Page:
Tomorrow March 22 is World Water Day and the main aim is to focus attention on the importance of freshwater and advocate the sustainable management of freshwater resources. This day is important and significant for Sri Lanka because we have been blessed with many major rivers, canals and streams and we need to ensure that no one is allowed to pollute these vast resources or to plunder them through subtle means.
The theme this year is, Why Waste Water and we call upon responsible and duty conscious Sri Lankans to make a sincere resolution that they will not waste fresh water and will also tell others in an undiluted way that they should not waste water.
The United Nations in a statement to mark the event calls upon all countries to take action to tackle the water crisis.
We will not waste water if we are made aware that today there are more than 663 million people living without a safe water supply close to home, spending countless hours queuing or trekking to distant sources and coping with the health impacts of using contaminated water. More shocking is the revelation that globally as many as two billion people are using a source of drinking water that is faecally contaminated. Reports indicate there are many such people in Sri Lanka. More than half a million diarrhoeal deaths in low and middle-income countries are attributed to inadequate drinking-water, and the vast majority of these deaths occur among children under five. The UN has also underlined, through its sustainable development goals, the importance of improving water quality and reducing, treating and reusing wastewater.
Globally, the wastewater from our homes, cities, industries and agriculture flow back to nature without being treated or reused – polluting drinking, bathing and irrigation water, losing valuable nutrients and other recoverable materials.
Reducing and safely treating and reusing wastewater, for example in agriculture and aquaculture, protects workers, farmers and consumers, promotes food security, health and well-being, the UN says.
According to the World Health Organisation (WHO) there are also regular emergency situations relating to fresh water. These include earthquakes, hurricanes, floods, landslides, wildfires and droughts such as the one Sri Lanka is facing now. The technological hazards include chemical spills and disruption to infrastructure. Complex situations, produced by conflict and outbreaks, lead to health-related diseases and affect populations in all contexts. Depending upon the nature of the event, vulnerability of the people affected and the capacity of local and national systems, deterioration in environmental conditions often results in a steep increase in water, sanitation and hygiene -related diarrhoeal disease.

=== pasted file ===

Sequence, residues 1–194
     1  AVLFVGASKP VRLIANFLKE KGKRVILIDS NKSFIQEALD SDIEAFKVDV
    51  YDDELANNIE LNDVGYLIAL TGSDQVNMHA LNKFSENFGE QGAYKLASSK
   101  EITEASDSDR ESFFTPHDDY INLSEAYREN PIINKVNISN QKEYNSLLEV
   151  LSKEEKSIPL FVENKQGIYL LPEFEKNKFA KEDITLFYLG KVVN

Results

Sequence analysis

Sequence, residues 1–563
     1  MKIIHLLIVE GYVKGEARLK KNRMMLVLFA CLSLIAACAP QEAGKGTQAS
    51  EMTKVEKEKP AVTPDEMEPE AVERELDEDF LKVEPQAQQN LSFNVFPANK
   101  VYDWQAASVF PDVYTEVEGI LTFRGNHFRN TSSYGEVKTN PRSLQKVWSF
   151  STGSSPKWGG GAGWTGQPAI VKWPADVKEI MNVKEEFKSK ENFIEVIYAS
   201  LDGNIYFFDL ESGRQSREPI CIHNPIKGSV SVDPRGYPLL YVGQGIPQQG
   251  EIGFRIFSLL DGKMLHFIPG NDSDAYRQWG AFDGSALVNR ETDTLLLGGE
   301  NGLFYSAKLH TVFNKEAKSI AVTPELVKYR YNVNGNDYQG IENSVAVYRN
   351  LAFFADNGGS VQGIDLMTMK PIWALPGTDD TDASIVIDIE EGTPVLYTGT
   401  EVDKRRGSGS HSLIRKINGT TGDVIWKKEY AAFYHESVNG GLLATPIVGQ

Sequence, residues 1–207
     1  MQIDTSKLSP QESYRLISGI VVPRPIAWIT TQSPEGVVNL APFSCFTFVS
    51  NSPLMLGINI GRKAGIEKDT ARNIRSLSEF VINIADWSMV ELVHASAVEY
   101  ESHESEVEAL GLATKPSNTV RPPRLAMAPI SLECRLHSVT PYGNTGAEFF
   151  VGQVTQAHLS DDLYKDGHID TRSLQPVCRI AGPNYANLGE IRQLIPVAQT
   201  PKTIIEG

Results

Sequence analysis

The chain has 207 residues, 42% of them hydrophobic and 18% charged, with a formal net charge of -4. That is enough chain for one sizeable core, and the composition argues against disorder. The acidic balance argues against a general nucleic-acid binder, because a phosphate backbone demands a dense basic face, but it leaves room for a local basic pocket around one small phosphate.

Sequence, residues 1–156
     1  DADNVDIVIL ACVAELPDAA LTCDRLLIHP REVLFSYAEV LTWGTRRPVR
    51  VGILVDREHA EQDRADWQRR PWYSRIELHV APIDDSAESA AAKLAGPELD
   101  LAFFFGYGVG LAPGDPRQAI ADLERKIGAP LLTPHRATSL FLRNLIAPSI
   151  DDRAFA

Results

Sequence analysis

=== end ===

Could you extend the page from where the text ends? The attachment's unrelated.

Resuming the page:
A significant amount of disease could be prevented through access to safe water, adequate sanitation services and better hygiene practices. Diarrhoeal disease alone amounts to an estimated 3.6 % of the total daily global burden of disease and is responsible for the deaths of 1.5 million people every year. It is estimated that 58% of that burden, or 842,000 deaths per year, is attributable to the supply of unsafe water, sanitation and hygiene and includes 361,000 deaths of children under age five, mostly in low-income countries.
In Sri Lanka, while the citizens cooperate by not wasting fresh water, the government also needs to take effective steps to stop the pollution of rivers. This needs to be made a criminal offence.
In Parliament last month a leading MP warned that a transnational soft drink giant -- facing protests and restriction on its 57 plants in India -- was planning to move to Sri Lanka and plunder our fresh water resources. He warned this would create a fresh water catastrophe in Sri Lanka.
We urge the government to protect our freshwater resources not only from transnational corporations but also from powerful countries which have gone to war to gain control of oil resources and may later go to war to gain control of fresh water resources. So let us come together to conserve and save our fresh water resources while also bringing about a more equitable distribution among our people.
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